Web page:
Sunday, December 11, 2011

Multaq Report on Risk to AF Patients

Atrial fibrillationImage via Wikipedia
Final results from the PALLAS study showed that risk of stroke, heart attack or death from cardiovascular causes was 2.2 times greater for patients taking Multaq (dronedarone) than for those on placebo.

The illustration to the right shows atrial fibrillation. A-fib) is the most common cardiac arrhythmia (abnormal heart rhythm). It is a common cause of irregular heart beat, identified clinically by taking a pulse. Chaotic electrical activity in the two upper chambers (atria) of the heart result in the muscle fibrillating (i.e., quivering), instead of achieving coordinated contraction. The presence of AF can be confirmed with an electrocardiogram (ECG or EKG) by the absence of P waves and an irregular ventricular rate. Presence of AF in a population increases with age, with 8% of people over 80 having AF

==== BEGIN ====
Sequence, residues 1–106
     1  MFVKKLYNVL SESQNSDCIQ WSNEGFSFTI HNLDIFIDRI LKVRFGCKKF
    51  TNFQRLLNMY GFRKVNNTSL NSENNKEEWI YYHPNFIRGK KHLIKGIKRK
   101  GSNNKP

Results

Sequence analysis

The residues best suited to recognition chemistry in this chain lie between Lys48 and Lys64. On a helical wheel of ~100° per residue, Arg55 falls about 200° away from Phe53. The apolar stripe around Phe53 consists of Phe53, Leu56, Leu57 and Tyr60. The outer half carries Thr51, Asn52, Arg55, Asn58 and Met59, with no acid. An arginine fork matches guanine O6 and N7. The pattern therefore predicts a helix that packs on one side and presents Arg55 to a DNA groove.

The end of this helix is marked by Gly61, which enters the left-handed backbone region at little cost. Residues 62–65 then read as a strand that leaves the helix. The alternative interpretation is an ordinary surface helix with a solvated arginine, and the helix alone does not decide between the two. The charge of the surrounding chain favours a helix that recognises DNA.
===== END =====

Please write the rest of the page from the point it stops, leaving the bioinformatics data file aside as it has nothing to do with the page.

Multaq is licensed to treat adults who have had atrial fibrillation (AF) in the past, or who currently have intermittent AF, but PALLAS was evaluating it in patients who were 65 years old or more with permanent AF and other risk factors for vascular events.
The trial was halted in July after researchers found evidence of serious vascular events and deaths - less than a third of the planned 10,800 patients eventually took part.
Delegates at the American Heart Association’s Scientific Sessions 2011 were told that 43 people taking Multaq, and 19 in the placebo arm, suffered a stroke, heart attack, systemic blood clot or cardiovascular death.

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